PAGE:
WASHINGTON, May 17, 2017 - Major solar industry players are lining up to fight a Suniva trade petition that calls for new tariffs on solar cells and modules from countries around the globe, potentially doubling prices and causing demand for solar energy to drop.

At issue is a Section 201 petition to the International Trade Commission (ITC) that was filed last month by Suniva Inc., a manufacturer with facilities in Norcross, Georgia, and Saginaw, Michigan. The scope of the petition is limited to crystalline silicon photovoltaic (SCPV) cells and modules and does not include thin film photovoltaic products. Modules, laminates, and panels produced in other countries using cells manufactured in the U.S. would also be excluded from the petition.

Describing the petition as an “existential threat to the broad solar industry and its 260,000 American jobs,Abigail Ross Hopper, president and CEO of the Solar Energy Industries Association (SEIA), said Monday that her board members voted “overwhelmingly” to fight the petition “every step of the way.”  

“We want to support U.S. manufacturing jobs, but this petition is not the right approach,” Hopper emphasized.

HopperIn a letter to the ITC, SEIA argued that Suniva is not “representative” of the domestic CSPV cell/module industry and therefore, does not have standing to bring the action.

As of Tuesday, there was only one other industry response to the petition and that came from Houston-based solar industry provider Sunnova, which opposes the Suniva petition because it would “significantly harm the U.S. economy by destroying jobs.”“Suniva accounted for just 21 percent of U.S. production of CSPV cells and modules in 2016 and 14 percent in 2015,” the trade organization pointed out, while noting that other industry members have not expressed support for the trade action.

“This proposed action by a small investment firm that made a poor investment decision should not be allowed to hurt American jobs and consumers,” Sunnova CEO William Berger wrote.

The ITC already imposes tariffs on solar components from both China and Taiwan, but Suniva asked the federal government to impose a blanket tariff on imported solar cells and modules from all countries, claiming that the company would not be able to recover without this type of federal intervention.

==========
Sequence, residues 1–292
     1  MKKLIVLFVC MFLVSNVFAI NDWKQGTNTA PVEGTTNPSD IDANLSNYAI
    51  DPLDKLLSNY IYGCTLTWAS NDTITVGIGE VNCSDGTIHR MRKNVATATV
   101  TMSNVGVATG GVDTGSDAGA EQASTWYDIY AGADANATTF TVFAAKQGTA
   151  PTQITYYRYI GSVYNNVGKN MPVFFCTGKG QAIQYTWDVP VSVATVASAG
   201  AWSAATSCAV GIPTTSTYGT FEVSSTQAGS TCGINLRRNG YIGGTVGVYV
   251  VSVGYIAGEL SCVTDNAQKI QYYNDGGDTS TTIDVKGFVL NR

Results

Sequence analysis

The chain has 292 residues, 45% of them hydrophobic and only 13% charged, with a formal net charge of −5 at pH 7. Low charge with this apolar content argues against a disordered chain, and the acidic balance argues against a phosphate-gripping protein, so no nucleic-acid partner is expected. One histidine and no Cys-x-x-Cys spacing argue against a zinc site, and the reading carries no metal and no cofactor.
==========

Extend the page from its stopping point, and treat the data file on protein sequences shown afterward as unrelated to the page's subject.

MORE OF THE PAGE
Suniva declared Chapter 11 bankruptcy just a couple of weeks before filing the petition.

“Solar cell manufacturers in the United States continue to face steep price competition from China, as well as non-China-based overseas manufacturers not subject to United States tariffs,” explained David Baker, the company’s restructuring officer, in a court filing. Manufacturing that was previously based in China has moved to countries in Southeast Asia and elsewhere to avoid the U.S. tariffs, he pointed out.

“As a result, these tariffs have not been effective in preventing dumping of Chinese solar products into the United States. These pressures have been exacerbated by a recent drop in demand in the Chinese market resulting from the Chinese government announcing, in 2016, that it was lowering subsidies for solar energy purchases. This has resulted in a production glut, further driving down global prices.”

Suniva asked the International Trade Commission (ITC) to impose duties of 40 cents per watt on imported cells and set a floor price of 78 cents per watt on modules.

 Suniva is largely owned by Chinese solar panel maker Shunfeng International Clean Energy, which bought 64 percent of the firm in 2015 in an effort to avoid U.S. tariffs on panels made in China and Taiwan.

The firm has experienced several ups and downs since then-Gov. Sonny Perdue welcomed the Georgia Tech spinoff as the first solar manufacturing plant to Georgia in 2008, bringing with it an anticipated 100 jobs in the first year.

Sonny PerdueThis new solar cell facility is a perfect example of the way Georgia’s investment in research and development pays dividends by producing innovative technologies that help companies grow,” said Perdue, who now serves as U.S. Secretary of Agriculture.

Since that time, the startup has received over $8 million in U.S. Energy Department grants, including $1.25 million as recently as October 2016. In December, the firm held a ribbon-cutting to announce an expansion. However, by March of this year, Suniva ordered a temporary shutdown of its Georgia facilities and by mid-April, the company filed for bankruptcy.

 Hopper said the ITC will soon announce whether it will consider Suniva’s request. If it does, the commission will have four months to determine potential injury. If so, the ITC will have another two months to suggest a remedy. Then the decision will rest with President Trump, who has promoted an “all-of-the-above” energy strategy but also criticized both solar and wind energy during his presidential campaign.  

If a decision gets to the Oval Office, Trump can either accept the commission’s proposal, modify it, or determine the proposal is not appropriate.

SEIA is determined to make sure the case does not advance that far, but if it does, they want to make sure that key members of Congress and the new administration understand what’s at stake.

Any decision to impose tariffs “will be vastly outweighed by the competing headline that you have just put hundreds and thousands of workers out of a job,” Hopper said.